Monday, 12 March 2012

Property tax - an introduction

Recent trends in the housing market have served to boost the popularity of investing in property – while also leaving an increasing number of homeowners liable to taxes such as inheritance tax (IHT)

Property ownership has a number of different tax implications, which is why it is essential to put in place adequate tax planning measures now. This guide sets out some of the key aspects of tax and your property.

Capital gains tax

Your main residence is exempt from capital gains tax (CGT) when you sell it, provided it has been your only or main residence during the whole period of ownership. Various rules allow periods of temporary absence to be disregarded.

Owning more than one property

If you have more than one home, you may elect which is to be your main residence (i.e. exempt for CGT) within two years of acquiring the additional residence. As long as a home has at least some time been your main residence for CGT, the last three years of ownership are added to your exempt period. It may be beneficial for a married couple to own the non-exempt residence jointly as each will be entitled to capital gains tax exemption, on sale of the property.


If the purchase and sale of properties amounts to a trade then profits will be taxed as income in the normal way. In all other cases, disposal will be subject to the normal rules for the calculation of capital gains.

The situation may be complicated where a principle private residence has been let for some time during the period of ownership

Allowable expenses

Expenses allowable in calculating income include interest incurred on loans used towards the purchase of the property (adjusted for any part of private use), rents, rates, insurance, repairs, management and professional fees.

Expenses on improving the property (such as extensions), or those which were necessary to bring newly acquired property to a useable state, all form part of the capital cost of the property.

Tax aspects of property investment

Income arising from land and buildings is generally treated as investment income unless it is from furnished holiday lettings or from property development, or the provision of services such as hotels and guesthouses, in which case it would be classified as trading income. From an accounting and tax point of view, all rental income (except furnished holiday lettings) is treated together as from one ‘property’ business, regardless of the terms of letting. Profits and losses are calculated using the same general accounting rules as for trading, including accruals to cover the timing difference of rent or expenses in advance or arrears.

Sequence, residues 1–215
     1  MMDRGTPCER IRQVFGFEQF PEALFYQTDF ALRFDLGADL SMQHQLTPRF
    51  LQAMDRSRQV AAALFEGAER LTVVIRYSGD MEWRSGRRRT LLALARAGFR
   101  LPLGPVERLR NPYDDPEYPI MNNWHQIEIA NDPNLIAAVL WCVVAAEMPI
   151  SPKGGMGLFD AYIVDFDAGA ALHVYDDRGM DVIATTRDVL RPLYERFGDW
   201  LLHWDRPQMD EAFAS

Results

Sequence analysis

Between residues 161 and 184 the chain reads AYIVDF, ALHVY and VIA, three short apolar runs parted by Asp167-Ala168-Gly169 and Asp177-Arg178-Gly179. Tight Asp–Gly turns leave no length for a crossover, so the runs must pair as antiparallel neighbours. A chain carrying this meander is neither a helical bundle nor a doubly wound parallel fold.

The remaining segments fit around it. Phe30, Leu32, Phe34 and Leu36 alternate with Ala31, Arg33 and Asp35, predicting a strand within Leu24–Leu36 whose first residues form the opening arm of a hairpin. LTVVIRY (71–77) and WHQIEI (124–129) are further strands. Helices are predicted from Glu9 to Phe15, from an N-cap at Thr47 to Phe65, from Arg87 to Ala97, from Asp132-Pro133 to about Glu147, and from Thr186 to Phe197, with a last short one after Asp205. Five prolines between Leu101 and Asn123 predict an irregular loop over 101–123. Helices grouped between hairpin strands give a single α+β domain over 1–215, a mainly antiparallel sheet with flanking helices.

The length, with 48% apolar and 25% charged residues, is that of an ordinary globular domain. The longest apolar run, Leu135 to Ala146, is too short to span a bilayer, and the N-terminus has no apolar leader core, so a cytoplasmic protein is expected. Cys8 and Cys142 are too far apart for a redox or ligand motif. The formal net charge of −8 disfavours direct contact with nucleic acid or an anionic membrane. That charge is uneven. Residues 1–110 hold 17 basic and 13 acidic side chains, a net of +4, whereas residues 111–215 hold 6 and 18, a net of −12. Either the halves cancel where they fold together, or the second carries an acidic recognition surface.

Allowances for equipment

In general it is not possible to claim capital allowances for fixtures and fittings in a dwelling house. By concession, an allowance is available to cover wear and tear on certain items (such as suites, beds, carpets, curtains, linen, crockery, cutlery, cookers, washing machines, and dishwashers). For such items it is possible to claim either the cost of replacement (not original purchase) or alternatively a global annual wear and tear allowance equal to 10% of the rents received (less certain expenses) on furnished lettings. It is also possible to claim a deduction for the costs of renewal of fixtures, such as baths, toilets and washbasins.

For commercial properties, capital allowances may be claimed in respect of plant and machinery supplied by the landlord.


VAT on land and buildings is a complicated area. Generally sales of commercial buildings less than three years old are standard rated, sales of new residential properties are zero-rated and most other sales and leases are exempt. The VAT provisions on property letting are particularly complex.

If your thinking about investing in property for your business, or just so a bit of extra income on the side, then get in touch so we can discuss the best way for you to proceed.


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